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Arab world's beloved singer Sabah dies at 87 - ASHARQ AL-AWSAT English Archive
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Sabah with Egyptian film star Ahmad Ramzi on the set of a film during a shooting session in Cairo in the early 1950s. (AFP Photo/Archives)

Sabah with Egyptian film star Ahmad Ramzi on the set of a film during a shooting session in Cairo in the early 1950s.
(AFP Photo/Archives)

Beirut, AP—Lebanese singer and actress Sabah, an icon of Arab music, died Wednesday after a career that spanned over six-decades, Lebanese media said. She was 87.

The diva was famous across the Arab world for her powerful voice, musical talent and joyful brazenness and is considered among the last of the “giants”—a crop of celebrated Lebanese singers that represent a golden age, including Fayrouz, Wadih el-Safi, Nasri Shamseddine and others.

Sabah, whose real name is Jeanette Feghali, first came to prominence in the fifties as a singer and actress in Egyptian movies.

Ultimately, she participated in at least 25 plays, four radio musicals, 85 films and sang 3,000 songs, according to Charbel Alasmar, a Lebanese-Canadian composer who has documented Sabah’s career.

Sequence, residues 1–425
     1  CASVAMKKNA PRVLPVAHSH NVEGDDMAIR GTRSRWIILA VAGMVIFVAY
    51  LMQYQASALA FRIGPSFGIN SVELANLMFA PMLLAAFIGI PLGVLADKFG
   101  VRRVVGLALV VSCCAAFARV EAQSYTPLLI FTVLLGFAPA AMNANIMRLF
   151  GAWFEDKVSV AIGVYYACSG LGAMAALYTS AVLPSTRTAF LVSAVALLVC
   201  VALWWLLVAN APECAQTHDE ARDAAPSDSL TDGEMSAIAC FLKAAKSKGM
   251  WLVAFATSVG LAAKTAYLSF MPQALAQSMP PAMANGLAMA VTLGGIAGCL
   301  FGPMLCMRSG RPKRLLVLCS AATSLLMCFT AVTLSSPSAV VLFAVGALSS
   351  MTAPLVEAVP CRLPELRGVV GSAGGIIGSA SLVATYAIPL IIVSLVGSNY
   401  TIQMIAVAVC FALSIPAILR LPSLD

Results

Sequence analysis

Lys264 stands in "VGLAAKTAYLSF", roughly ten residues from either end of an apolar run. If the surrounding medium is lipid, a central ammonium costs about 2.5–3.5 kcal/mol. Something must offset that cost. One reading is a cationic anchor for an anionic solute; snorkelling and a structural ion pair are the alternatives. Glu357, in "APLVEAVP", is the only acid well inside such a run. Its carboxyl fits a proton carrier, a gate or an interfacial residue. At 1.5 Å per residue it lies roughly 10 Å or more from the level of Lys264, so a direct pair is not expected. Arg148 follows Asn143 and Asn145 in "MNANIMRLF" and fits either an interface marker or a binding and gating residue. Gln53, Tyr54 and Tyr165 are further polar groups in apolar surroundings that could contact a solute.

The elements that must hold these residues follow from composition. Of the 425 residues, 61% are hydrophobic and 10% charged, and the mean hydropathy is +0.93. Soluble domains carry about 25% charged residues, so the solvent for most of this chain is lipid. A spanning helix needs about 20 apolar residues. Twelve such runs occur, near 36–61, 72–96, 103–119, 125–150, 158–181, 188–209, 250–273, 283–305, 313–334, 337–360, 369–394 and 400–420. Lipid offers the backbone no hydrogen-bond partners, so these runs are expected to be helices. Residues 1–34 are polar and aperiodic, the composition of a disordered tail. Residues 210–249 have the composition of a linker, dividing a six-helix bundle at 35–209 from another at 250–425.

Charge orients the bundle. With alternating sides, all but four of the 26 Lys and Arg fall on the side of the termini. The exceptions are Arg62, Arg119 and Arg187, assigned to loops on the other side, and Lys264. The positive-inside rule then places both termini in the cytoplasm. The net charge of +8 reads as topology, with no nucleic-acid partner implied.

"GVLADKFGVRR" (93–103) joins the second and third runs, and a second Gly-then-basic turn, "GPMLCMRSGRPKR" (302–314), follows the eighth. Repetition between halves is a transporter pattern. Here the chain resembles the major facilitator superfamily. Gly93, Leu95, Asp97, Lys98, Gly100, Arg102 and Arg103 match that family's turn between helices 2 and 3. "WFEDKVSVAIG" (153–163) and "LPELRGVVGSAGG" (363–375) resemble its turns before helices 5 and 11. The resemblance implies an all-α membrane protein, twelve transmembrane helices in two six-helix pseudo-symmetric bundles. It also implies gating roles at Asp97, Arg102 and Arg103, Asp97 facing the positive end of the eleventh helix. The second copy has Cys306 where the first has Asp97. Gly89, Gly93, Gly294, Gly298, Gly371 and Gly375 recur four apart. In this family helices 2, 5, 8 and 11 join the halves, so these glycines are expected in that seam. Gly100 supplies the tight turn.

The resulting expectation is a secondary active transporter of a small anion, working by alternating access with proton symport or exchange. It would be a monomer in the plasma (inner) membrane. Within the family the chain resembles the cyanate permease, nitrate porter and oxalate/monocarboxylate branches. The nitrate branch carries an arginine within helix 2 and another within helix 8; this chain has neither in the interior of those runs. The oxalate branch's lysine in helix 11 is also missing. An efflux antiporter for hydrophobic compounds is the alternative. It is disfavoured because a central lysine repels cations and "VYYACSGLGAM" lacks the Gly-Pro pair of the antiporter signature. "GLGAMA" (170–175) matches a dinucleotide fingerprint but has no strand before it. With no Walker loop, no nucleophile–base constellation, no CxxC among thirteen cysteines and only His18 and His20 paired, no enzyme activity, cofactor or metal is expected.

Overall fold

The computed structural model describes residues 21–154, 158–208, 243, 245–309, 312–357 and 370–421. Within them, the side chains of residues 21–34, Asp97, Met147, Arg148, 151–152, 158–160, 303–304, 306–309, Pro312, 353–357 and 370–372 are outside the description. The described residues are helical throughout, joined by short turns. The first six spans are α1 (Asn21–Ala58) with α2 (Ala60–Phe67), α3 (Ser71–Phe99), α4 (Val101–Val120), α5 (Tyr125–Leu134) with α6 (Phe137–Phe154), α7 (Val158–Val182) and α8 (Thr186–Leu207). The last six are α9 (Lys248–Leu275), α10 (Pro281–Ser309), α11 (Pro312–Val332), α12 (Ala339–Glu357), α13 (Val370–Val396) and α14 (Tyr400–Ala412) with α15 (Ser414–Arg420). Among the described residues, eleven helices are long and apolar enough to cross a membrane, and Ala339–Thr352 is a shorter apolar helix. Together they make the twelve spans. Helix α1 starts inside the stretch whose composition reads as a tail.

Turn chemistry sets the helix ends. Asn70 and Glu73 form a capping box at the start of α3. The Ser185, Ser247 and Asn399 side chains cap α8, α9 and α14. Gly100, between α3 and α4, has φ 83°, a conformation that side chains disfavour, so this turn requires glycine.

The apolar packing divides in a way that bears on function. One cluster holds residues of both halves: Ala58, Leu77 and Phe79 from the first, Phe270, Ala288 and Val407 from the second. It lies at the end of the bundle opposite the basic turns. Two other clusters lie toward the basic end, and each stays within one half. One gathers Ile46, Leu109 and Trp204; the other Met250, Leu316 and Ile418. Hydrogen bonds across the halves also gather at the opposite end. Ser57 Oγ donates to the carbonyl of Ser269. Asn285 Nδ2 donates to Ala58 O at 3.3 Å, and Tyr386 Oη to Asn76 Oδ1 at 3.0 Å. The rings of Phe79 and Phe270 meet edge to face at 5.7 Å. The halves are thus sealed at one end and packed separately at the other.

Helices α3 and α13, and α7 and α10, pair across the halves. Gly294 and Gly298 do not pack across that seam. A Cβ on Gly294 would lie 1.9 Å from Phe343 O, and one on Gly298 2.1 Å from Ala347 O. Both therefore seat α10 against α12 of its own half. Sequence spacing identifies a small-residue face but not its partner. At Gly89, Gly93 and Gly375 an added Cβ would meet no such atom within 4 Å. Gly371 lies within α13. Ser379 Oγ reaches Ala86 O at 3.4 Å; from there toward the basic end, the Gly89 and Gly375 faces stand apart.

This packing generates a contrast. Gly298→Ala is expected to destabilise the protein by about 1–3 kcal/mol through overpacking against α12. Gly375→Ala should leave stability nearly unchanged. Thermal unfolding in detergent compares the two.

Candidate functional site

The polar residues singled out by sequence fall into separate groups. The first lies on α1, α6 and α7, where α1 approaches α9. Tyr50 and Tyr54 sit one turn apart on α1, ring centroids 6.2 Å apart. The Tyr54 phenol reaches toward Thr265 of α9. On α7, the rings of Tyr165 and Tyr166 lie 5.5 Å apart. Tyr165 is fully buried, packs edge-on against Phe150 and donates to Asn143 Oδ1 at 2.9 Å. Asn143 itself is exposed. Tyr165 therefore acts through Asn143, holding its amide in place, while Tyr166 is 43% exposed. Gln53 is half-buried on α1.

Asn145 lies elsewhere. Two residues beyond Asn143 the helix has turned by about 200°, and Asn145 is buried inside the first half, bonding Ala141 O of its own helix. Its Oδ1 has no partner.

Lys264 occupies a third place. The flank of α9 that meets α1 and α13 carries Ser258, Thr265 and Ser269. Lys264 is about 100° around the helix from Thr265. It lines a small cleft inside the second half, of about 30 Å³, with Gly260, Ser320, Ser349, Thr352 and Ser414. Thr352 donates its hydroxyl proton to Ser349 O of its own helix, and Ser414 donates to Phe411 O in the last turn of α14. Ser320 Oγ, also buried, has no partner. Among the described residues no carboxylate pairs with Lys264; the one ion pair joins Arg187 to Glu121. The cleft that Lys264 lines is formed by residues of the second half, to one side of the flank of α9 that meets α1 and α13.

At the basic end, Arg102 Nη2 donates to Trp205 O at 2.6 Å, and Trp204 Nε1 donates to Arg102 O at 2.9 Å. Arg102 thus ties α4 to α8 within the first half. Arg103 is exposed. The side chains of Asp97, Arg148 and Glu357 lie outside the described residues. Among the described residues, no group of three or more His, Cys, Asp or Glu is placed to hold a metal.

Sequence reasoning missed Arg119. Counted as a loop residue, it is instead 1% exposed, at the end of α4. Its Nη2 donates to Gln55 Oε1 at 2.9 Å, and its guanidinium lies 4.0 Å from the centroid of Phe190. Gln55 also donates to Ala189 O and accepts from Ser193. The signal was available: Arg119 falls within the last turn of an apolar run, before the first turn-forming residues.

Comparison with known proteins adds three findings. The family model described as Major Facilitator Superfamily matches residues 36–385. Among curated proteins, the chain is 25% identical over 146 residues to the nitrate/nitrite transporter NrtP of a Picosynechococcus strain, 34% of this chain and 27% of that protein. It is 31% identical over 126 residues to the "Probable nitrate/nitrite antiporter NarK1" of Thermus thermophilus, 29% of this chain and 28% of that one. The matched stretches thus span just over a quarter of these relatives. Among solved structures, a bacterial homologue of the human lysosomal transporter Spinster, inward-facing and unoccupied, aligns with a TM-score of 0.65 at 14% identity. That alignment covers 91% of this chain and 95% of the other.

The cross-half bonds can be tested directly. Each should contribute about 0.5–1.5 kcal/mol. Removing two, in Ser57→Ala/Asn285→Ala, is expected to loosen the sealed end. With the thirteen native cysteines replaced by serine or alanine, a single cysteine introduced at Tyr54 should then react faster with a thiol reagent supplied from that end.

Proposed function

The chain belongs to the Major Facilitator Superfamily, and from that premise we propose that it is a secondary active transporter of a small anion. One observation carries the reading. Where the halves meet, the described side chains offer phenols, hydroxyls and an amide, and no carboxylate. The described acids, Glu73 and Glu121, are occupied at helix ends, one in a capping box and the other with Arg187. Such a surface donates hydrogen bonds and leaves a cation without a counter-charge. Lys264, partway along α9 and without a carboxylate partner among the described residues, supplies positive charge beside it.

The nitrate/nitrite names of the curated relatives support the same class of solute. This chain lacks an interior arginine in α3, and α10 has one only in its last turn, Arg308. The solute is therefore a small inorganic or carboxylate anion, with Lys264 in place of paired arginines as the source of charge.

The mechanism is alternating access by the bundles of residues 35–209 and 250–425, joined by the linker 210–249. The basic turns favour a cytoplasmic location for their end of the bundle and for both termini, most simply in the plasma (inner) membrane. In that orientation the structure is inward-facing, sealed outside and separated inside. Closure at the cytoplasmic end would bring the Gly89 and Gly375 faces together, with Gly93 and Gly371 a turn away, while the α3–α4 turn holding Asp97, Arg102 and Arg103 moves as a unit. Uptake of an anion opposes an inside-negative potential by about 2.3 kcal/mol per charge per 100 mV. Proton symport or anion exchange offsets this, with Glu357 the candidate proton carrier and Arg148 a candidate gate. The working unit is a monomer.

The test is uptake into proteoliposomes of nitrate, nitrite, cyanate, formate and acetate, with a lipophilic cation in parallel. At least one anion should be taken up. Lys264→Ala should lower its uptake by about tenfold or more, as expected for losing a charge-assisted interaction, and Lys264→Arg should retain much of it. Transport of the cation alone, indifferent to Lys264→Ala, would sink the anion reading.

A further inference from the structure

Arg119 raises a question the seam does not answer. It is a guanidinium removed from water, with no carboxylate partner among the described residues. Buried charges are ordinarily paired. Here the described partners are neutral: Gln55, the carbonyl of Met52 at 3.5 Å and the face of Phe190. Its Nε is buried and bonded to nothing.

The peroxide-blond with a throaty laugh and playful smile was nicknamed “shahroura,” Arabic for “singing bird” and “the Sabbouha,” a diminutive for “Sabah” by millions of fans across the Middle East.

In Lebanon, she was humorously mocked for refusing to leave the limelight, clinging to youth through surgeries, marriages to younger men and garish outfits.

But she was universally admired for her love of life and positive outlook even in her old age.

“Our giants are leaving, our cedars are diminishing. Farewell our shahroura, our beloved, rest in peace,” wrote Lebanese singer Ragheb Alameh in a Twitter posting.

Also on Twitter, Lebanese politician Walid Jumblatt wrote: “She was a great singer of a Lebanon that my generation knew, that will never come back.”

Asharq Al-Awsat

Asharq Al-Awsat

Asharq Al-Awsat is the world’s premier pan-Arab daily newspaper, printed simultaneously each day on four continents in 14 cities. Launched in London in 1978, Asharq Al-Awsat has established itself as the decisive publication on pan-Arab and international affairs, offering its readers in-depth analysis and exclusive editorials, as well as the most comprehensive coverage of the entire Arab world.

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